Sports, Thrill of Victory

Around the SEC: Should the SEC get seven hosts?

Boomer White has led A&M to a national seed. PHOTO COURTESY TEXAS A&M UNIVERSITY

The three questions on every Southeastern Conference baseball fan’s mind this week are: Who hosts NCAA regionals? Who gets the eight national seeds? Which SEC teams get in the tournament, period?

Chris Lee looks at all that as of Tuesday afternoon.

Ranking the hosting/national seed candidates

It’s been a crazy season in college baseball. The Southeastern and Atlantic Coast Conferences have dominated the landscape—the two comprise the entire top 11 of the NCAA’s RPI rankings, and 13 of the top 16—which presents a problem, because the NCAA likes to spread its regionals to different parts of the country.

That, in turn, has led to widespread disagreement among college baseball’s experts as to how the NCAA will award regionals.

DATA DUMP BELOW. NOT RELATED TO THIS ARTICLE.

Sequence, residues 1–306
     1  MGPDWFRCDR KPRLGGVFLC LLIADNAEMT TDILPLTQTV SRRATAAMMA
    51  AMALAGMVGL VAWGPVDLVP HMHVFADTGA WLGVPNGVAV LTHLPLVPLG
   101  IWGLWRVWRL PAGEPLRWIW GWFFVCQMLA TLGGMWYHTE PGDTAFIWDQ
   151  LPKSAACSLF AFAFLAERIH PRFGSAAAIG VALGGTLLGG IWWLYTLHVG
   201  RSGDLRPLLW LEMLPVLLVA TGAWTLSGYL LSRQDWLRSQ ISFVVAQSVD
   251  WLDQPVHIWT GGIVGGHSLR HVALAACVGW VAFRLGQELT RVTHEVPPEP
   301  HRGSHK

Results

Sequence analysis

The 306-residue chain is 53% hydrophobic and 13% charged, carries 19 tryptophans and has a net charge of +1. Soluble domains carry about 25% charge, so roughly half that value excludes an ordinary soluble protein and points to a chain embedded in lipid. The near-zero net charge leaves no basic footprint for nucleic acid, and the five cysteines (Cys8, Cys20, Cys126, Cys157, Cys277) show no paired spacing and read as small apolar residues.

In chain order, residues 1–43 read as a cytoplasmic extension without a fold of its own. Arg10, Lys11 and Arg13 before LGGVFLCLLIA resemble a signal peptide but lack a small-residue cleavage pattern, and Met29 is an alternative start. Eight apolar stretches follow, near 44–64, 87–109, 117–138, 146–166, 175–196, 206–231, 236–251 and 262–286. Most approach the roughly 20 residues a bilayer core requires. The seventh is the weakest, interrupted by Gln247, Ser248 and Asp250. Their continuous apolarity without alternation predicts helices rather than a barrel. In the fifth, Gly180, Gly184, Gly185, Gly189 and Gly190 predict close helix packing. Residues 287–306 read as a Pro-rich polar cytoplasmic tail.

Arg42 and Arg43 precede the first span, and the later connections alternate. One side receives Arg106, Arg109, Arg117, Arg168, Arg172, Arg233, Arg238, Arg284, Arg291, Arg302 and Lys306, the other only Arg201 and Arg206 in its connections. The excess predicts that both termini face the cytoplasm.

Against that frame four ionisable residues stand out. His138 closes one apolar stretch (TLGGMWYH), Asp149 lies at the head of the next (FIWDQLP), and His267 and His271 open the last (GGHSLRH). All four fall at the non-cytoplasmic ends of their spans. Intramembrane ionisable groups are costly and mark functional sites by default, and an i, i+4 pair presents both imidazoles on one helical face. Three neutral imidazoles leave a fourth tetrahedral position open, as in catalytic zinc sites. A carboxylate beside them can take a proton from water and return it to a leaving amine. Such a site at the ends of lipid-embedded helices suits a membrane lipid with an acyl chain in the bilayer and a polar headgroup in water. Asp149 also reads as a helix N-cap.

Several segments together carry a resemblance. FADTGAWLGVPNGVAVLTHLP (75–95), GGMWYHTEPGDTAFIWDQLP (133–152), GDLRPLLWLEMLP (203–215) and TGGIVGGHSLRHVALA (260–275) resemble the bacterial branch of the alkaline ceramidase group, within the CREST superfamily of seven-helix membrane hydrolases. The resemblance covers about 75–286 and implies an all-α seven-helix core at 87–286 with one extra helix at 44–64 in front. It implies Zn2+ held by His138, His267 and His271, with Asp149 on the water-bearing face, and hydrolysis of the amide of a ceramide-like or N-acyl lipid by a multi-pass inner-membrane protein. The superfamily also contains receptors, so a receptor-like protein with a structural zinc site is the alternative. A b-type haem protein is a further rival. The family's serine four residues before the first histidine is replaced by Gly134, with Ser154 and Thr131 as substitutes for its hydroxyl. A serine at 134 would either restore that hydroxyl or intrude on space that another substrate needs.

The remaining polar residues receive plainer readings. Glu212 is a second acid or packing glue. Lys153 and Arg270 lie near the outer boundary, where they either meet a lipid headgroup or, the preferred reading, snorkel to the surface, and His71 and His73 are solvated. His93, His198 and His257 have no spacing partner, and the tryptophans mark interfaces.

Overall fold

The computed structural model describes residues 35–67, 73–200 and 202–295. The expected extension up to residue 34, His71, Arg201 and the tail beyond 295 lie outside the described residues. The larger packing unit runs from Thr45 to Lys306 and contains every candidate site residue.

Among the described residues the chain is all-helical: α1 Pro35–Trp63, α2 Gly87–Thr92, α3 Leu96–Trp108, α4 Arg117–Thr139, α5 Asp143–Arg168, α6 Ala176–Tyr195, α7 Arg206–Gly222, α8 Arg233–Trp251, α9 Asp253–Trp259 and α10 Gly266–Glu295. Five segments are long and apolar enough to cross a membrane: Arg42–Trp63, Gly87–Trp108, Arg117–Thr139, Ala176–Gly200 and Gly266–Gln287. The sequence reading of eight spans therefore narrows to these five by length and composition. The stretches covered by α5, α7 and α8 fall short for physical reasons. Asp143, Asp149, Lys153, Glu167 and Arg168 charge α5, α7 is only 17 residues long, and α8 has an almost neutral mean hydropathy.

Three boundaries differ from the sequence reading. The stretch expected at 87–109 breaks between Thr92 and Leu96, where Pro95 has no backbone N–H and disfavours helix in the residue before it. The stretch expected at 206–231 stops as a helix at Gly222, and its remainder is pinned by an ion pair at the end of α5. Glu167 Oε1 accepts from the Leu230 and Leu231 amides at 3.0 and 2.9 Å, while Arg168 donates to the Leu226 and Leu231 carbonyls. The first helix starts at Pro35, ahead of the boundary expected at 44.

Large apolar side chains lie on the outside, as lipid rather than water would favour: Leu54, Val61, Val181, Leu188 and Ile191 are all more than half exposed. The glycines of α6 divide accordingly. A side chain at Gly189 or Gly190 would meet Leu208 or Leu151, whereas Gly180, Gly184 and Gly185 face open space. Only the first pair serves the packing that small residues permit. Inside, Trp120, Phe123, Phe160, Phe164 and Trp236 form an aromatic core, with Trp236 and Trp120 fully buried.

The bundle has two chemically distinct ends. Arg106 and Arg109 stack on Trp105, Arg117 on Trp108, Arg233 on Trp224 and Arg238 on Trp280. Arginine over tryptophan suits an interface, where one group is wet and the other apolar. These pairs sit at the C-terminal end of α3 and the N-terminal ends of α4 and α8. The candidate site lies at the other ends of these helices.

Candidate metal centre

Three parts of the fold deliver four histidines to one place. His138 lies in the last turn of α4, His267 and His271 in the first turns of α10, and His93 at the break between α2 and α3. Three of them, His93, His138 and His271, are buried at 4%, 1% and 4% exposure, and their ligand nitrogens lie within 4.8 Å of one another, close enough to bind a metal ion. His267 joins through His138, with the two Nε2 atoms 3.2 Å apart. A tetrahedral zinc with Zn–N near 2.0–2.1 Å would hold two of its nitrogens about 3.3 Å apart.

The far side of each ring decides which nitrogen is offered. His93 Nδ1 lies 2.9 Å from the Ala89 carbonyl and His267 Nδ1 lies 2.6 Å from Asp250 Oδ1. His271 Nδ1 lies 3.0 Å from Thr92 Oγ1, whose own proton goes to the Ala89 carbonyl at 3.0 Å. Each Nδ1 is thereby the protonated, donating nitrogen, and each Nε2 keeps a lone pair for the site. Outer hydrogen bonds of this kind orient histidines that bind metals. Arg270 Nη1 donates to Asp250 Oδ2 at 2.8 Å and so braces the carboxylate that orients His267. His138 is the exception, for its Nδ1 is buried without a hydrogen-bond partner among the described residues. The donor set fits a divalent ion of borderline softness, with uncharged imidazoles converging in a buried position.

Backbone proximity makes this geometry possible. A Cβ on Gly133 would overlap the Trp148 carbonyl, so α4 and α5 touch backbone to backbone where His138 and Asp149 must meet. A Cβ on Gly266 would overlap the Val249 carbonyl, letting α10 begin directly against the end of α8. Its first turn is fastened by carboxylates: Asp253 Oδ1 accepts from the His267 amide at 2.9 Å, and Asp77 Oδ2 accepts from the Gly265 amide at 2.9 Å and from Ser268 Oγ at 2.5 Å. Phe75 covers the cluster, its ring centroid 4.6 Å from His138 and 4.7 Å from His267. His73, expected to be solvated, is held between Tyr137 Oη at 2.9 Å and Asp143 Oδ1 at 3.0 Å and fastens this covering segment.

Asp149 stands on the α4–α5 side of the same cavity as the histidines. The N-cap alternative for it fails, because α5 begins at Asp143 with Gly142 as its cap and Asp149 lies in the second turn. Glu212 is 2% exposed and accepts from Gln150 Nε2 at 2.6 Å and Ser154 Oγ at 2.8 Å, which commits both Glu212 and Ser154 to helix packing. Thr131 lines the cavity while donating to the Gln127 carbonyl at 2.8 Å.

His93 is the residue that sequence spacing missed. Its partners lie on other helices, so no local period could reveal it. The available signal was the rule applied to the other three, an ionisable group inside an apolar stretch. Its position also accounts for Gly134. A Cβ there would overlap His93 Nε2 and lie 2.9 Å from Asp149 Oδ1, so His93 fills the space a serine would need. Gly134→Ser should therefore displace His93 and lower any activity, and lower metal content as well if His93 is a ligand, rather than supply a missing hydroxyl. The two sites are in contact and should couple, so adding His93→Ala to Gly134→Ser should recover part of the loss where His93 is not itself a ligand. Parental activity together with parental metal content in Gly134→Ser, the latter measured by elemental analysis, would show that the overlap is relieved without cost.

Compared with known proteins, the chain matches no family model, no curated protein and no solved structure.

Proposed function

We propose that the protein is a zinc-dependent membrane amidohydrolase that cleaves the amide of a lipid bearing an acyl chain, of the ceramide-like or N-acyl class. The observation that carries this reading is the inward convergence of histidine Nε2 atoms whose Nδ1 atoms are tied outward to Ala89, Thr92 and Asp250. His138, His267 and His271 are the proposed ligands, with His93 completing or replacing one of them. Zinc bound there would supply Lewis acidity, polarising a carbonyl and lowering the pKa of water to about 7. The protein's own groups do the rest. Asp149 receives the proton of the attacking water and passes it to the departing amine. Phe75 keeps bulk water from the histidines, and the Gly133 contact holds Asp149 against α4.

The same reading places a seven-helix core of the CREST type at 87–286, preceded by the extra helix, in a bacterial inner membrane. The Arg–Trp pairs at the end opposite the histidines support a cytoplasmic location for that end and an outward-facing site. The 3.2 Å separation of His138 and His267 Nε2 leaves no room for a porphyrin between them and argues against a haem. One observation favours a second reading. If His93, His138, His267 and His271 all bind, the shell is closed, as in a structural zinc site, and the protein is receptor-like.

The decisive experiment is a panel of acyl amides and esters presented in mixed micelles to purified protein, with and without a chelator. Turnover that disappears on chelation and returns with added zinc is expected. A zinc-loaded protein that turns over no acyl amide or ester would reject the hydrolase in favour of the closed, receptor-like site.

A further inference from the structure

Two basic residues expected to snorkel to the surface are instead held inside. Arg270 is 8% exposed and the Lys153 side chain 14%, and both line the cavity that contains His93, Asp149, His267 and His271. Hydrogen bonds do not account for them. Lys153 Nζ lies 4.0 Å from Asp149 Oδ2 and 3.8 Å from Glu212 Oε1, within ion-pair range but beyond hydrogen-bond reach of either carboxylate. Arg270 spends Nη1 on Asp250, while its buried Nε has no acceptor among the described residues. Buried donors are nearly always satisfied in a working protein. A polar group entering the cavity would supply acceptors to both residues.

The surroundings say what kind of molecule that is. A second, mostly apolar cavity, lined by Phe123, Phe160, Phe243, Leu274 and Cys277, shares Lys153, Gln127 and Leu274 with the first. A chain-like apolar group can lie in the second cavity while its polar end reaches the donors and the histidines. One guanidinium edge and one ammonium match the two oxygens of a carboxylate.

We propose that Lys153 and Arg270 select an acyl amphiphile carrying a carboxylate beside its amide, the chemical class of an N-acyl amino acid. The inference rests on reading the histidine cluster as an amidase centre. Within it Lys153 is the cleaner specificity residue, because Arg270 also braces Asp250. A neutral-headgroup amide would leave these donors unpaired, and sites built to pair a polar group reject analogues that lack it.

Bryan Reynolds and Vanderbilt have a strong case for hosting. PHOTO COURTESY VANDERBILT UNIVERSITY

Bryan Reynolds and Vanderbilt have a strong case for hosting. PHOTO COURTESY VANDERBILT UNIVERSITY

The two most well-known media entities that cover college baseball are Baseball America and D1 Baseball; they agree that Miami, Texas A&M, Louisville, Florida, Mississippi State, Texas Tech, South Carolina and Virginia are all national seeds at this point. 

Both also have Louisiana-Lafayette, Ole Miss, LSU, Clemson, North Carolina State and Florida State hosting.

Where they disagree: D1 has Vanderbilt and Arizona State hosting, while Coastal Carolina and Long Beach State are BA’s picks.